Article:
Both had neurological symptoms like leg paralysis that suggested the herons were suffering from botulism poisoning. It’s very unusual to see avian botulism during winter months in the Pacific Northwest, but not impossible.
The birds were found near Smith and Bybee Lakes in north Portland, an area that experienced a small botulism outbreak this fall. According to Bird Alliance of Oregon veterinarian Deb Sheaffer, some of the toxin could still have been present in invertebrates the birds ate recently.
Deb wasn’t able to make a definite diagnosis – botulism tests require a large amount of blood, too much to take from a live bird – so the care center treated the herons based on their symptoms. This means staff and volunteers mostly relied on fluid therapy and force feeding, the same methods used with botulism cases.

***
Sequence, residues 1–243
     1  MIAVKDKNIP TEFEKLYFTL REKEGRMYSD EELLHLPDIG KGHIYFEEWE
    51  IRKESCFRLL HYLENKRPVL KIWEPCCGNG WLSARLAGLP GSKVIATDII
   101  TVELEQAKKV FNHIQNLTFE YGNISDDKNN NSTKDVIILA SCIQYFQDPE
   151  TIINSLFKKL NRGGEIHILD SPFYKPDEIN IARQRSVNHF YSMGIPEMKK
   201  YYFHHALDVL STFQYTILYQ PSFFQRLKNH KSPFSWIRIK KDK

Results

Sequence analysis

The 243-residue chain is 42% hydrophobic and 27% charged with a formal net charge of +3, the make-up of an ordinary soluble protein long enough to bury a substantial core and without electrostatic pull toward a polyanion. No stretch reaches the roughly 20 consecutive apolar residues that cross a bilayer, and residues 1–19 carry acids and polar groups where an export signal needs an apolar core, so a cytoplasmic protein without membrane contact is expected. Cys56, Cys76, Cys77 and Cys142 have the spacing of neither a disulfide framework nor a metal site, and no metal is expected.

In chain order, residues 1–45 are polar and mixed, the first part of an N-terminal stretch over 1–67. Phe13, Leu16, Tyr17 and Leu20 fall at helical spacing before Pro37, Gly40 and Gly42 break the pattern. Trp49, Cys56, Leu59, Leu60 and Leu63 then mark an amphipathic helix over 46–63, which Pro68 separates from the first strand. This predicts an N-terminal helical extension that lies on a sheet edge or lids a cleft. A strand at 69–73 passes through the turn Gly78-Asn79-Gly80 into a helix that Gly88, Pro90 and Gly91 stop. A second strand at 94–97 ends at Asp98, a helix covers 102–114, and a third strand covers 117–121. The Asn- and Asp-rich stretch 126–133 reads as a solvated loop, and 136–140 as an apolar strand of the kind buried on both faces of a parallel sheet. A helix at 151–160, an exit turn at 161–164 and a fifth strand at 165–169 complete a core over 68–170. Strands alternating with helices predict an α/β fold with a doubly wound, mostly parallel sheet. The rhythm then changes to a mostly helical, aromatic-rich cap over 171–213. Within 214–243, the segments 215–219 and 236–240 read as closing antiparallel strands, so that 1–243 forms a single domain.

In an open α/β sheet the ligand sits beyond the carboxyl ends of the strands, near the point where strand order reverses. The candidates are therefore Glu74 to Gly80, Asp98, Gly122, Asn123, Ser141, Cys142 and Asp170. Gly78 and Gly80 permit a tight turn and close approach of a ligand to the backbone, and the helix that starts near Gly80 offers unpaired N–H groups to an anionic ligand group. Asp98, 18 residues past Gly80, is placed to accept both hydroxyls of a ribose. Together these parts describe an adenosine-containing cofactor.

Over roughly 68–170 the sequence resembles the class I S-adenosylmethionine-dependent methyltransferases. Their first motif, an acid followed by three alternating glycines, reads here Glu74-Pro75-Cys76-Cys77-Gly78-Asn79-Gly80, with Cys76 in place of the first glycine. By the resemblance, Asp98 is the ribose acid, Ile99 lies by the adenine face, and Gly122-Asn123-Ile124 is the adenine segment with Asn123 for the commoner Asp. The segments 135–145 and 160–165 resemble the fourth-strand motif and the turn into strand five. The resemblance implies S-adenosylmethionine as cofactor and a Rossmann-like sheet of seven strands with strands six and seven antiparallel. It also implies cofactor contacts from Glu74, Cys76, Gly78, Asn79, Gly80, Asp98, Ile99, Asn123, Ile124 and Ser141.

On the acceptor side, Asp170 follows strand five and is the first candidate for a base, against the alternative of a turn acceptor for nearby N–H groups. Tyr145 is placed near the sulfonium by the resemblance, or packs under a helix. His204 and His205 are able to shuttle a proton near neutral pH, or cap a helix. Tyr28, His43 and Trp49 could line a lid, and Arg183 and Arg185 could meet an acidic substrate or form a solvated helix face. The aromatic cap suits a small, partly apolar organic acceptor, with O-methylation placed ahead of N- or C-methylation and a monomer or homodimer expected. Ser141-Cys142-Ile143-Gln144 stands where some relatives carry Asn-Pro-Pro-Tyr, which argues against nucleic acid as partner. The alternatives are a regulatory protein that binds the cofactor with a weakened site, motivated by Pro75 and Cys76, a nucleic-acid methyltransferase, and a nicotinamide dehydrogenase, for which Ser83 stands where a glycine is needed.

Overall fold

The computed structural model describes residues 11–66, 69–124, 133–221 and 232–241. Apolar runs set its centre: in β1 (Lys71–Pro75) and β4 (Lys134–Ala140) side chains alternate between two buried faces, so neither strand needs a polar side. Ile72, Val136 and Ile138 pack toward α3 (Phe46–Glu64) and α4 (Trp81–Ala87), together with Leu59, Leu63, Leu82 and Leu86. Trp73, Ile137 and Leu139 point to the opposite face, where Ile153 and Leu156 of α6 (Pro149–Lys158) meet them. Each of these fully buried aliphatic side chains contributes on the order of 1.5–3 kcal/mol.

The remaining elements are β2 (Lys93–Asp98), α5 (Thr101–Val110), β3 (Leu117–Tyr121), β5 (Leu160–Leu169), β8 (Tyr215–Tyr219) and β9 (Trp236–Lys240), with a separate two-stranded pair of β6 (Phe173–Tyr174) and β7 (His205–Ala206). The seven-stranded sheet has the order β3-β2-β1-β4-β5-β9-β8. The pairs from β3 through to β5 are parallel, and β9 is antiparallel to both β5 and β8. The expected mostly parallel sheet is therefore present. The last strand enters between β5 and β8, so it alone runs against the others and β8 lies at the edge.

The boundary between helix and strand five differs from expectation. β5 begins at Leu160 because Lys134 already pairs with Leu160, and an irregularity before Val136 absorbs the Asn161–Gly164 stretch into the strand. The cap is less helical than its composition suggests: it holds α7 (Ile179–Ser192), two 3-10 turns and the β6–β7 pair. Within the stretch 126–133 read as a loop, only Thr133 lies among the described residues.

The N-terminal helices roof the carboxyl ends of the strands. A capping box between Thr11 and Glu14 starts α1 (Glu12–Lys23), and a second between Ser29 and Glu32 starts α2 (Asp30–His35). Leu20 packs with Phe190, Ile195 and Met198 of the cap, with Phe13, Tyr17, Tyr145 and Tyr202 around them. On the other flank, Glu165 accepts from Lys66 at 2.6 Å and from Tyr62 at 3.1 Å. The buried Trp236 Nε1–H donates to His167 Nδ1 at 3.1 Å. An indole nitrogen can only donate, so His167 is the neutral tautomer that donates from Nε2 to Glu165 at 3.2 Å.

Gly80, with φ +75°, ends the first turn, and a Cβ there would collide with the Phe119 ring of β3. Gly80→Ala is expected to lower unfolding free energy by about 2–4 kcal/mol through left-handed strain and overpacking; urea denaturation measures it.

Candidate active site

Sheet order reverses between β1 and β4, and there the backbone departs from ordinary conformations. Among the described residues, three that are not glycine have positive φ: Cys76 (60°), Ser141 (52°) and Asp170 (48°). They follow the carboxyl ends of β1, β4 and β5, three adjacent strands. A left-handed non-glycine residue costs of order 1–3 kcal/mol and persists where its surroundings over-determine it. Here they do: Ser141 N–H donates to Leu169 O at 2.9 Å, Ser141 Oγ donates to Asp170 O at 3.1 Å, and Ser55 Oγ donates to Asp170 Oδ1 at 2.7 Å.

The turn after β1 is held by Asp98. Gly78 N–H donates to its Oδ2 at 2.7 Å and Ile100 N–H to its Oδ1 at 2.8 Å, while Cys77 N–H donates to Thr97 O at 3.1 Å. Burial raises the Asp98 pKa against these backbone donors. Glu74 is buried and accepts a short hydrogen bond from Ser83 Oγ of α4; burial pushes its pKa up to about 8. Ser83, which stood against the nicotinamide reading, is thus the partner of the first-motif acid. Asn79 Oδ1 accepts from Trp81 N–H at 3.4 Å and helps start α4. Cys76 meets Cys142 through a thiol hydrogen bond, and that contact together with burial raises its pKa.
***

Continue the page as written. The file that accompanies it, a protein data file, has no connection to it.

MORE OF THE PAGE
The herons’ symptoms cleared up after a week or two of treatment, and they were moved to a large flight cage so we could check their flight ability. Both quickly took to the wing, a sign that it was time for the birds to head home. A few days ago, a volunteer drove the herons back to north Portland at twilight and released them into the wild.